Bottle Of Red Wine begins with some cool guitar licks, before launching into a strange tune about drinking red wine in the morning. This again, sounds very lush and upbeat, regardless of the lyrical intent, which is actually quite funny, if you think about it. Another great effort musically, Slowhand delivers a top tune. The guitar solo in the middle of the song is manic and very amazing to hear, proving that Eric Clapton had some fire in his soul. Sounding like an alcoholic, Clapton articulates the need to drink booze first thing in the morning. A bit odd, but good nonetheless. It ends with some awesome guitar licks.
Lovin’ You Lovin’ Me begins with some Country Blues styled guitar parts, some horns and another calm vocal from Eric Clapton. Clapton sings about a lover that he dreams about and does a terrific job at being a Blues guy who makes adventures in Pop/Rock music. This is quite a Psychedelic piece to hear with some of the sounds and sound effects to hear. Towards the middle, the Country Blues guitar parts return, before the verses resume with more female Gospel vocals to listen to. This is a very, very decent album that honestly deserves more praise than it gets. A heartwarming romantic tune, although some of the romanticism is rather exaggerated here. A great listen nonetheless. This is cool stuff from Slowhand.
I’ve Told You For The Last Time begins with chugging piano, clean guitar parts and clear vocals from Eric Clapton with more female Gospel backing vocals. Eric Clapton lays out a threat to a lover (likely Pattie Boyd) and comes across as a bit of a real you-know-what here lyrically. Still, the music present is really enjoyable, and it does sound super awesome regardless. For all its lyrical aggression, this is a beautiful tune to enjoy. A joy to hear, this ends with multitracked vocals and a gentle finish. Nice work mate.
I Don’t Know Why begins with some quacky Fender Stratocaster playing, some brassy backing instrumentation and Clapton’s clam vocals over the mix of sound here. Eric Clapton sings about crying by himself, and the Gospel backing vocals return nicely, which are very beautiful. In fact, this underrated album is a really interesting joy to hear. A fine tune to listen to, this is nicely done by Slowhand, and he sings marvellously over the top of it all. A great and decent piece of music, Eric Clapton does his job as Blues Rocker extraordinaire better than anyone else. The vocals from Clapton and company get very expressive towards the end. Still, this is great. Nice job to all involved.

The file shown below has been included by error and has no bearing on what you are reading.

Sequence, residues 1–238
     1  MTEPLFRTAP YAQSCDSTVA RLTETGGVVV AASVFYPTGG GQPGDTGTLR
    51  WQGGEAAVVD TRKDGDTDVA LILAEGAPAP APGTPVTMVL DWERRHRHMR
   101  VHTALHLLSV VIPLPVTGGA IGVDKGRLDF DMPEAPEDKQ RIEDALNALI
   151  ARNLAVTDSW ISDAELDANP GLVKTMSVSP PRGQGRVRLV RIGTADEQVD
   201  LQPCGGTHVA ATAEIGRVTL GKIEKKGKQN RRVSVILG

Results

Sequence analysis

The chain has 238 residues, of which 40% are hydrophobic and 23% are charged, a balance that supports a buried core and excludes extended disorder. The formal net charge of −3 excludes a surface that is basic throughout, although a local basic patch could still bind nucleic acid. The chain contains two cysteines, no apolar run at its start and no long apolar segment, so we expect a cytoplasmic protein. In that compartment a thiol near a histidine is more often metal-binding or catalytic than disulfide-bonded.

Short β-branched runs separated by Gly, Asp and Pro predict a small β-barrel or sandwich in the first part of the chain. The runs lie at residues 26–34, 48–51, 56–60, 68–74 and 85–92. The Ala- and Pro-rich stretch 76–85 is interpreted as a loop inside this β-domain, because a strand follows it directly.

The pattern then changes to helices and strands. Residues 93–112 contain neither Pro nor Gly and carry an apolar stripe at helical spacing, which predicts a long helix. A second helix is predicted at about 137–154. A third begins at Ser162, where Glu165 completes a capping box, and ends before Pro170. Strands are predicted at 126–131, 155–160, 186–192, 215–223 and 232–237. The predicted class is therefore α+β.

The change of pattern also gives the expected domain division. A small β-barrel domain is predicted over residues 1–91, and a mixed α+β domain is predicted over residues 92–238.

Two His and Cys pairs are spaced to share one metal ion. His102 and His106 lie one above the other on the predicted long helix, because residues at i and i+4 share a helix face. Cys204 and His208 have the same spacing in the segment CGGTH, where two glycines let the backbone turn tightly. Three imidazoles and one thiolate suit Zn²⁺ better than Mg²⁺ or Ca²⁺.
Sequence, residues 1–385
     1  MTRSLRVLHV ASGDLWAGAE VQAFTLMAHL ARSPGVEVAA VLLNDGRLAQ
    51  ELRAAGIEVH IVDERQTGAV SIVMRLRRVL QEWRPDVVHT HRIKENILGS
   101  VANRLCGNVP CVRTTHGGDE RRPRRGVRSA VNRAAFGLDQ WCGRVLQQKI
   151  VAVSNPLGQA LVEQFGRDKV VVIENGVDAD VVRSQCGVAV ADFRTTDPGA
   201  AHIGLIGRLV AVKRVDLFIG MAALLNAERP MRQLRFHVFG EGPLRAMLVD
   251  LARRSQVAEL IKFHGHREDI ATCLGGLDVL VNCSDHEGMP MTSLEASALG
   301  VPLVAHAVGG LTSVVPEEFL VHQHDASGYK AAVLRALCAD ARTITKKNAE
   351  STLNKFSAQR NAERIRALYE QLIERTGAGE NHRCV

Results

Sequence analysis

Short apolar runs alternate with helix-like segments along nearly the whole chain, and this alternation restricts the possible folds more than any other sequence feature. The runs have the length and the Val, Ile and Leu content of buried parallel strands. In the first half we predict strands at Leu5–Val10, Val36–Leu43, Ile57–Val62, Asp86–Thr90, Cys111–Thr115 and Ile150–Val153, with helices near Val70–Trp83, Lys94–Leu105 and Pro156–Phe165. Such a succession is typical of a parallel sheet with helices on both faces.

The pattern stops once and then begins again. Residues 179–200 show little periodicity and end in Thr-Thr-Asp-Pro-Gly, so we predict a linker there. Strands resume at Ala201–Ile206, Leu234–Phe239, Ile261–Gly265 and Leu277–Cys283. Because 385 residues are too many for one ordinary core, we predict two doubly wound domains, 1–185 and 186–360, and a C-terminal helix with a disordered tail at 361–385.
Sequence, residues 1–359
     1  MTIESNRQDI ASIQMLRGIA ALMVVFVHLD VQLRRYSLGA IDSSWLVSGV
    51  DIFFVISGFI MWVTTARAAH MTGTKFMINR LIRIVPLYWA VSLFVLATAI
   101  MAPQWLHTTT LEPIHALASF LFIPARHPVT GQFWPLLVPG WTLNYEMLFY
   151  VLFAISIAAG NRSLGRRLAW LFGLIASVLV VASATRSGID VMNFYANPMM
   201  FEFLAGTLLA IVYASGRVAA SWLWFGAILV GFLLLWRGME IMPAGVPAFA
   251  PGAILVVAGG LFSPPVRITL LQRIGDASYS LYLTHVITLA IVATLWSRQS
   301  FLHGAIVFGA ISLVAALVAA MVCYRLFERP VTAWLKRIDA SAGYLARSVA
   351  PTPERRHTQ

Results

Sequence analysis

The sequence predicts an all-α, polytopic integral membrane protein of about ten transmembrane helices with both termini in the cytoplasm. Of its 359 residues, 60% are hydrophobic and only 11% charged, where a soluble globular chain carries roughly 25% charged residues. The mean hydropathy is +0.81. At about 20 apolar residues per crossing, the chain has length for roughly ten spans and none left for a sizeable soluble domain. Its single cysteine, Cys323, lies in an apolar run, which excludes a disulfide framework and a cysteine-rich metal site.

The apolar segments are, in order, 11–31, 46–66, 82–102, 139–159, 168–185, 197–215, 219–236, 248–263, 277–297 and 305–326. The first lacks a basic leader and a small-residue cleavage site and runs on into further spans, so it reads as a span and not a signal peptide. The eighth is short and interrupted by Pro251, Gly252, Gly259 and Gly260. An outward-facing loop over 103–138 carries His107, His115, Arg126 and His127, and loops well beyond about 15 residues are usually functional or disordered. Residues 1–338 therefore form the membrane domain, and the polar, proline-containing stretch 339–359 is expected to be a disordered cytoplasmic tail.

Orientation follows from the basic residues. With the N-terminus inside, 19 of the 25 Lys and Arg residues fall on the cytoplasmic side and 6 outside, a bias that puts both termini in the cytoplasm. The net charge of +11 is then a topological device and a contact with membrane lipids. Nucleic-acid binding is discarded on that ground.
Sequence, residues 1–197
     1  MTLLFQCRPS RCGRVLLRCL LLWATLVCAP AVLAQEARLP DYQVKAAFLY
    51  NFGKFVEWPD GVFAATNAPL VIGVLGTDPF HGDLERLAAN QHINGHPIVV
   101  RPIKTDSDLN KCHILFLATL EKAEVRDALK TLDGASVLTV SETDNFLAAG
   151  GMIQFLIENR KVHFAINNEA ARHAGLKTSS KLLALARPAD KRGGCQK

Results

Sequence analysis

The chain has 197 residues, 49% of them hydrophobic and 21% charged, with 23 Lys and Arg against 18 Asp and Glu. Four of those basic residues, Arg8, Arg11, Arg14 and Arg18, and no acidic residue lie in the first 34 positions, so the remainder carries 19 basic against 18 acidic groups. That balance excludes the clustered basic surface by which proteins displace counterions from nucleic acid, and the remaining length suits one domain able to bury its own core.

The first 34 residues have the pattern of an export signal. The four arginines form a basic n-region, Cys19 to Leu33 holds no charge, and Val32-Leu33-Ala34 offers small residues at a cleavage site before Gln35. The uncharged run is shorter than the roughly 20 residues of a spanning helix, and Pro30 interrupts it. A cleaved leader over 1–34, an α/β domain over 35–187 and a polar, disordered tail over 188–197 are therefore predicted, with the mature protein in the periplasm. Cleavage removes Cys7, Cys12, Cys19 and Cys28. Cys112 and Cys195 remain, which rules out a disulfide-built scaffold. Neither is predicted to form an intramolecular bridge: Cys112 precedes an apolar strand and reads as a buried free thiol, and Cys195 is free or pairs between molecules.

Let It Rain begins with some fuzzed electric guitar, nimble bass guitar playing, piano and rolling drums. Eric Clapton gets singing very well here, and he sings about the rain and how it reflects on his own personal experiences. This is the longest song on this album, being over five minutes in length. It is a pseudo-early Progressive Rock tune to listen to, and it has some intricate playing and solos galore on this tune. This music is great for what it is: simple; pretty and melodic. A very good piece of music that still sounds as decent and as fresh as it did in 1970. This may not be Eric Clapton’s finest hour musically, but even so, this is terrific listening all the same. The second half of this song has guitar solos galore and sounds incredibly decent and unique in Slowhand’s back catalogue. A very sweet and interesting piece of music, the rolling drums and great guitars drive this one to a great conclusion. Wonderful to hear, this is exciting and exhilarating music. A good way to finish off an underrated album.
This is extremely underrated and overlooked as a historical piece of Eric Clapton’s music. It is an upbeat and wonderful piece of an album to listen to from beginning to end. Soon after this was released, Clapton himself teamed up with Delaney & Bonnie (who co-produced this album) to create the famous Derek and the Dominos Layla album. Although the original release of this album had only 11 tracks, there is a double album reissue that has extra tracks and goodies galore for hardcore Eric Clapton fans. If you like Classic Rock, then you will love this release, without a doubt.
Possibly the most underrated Eric Clapton album.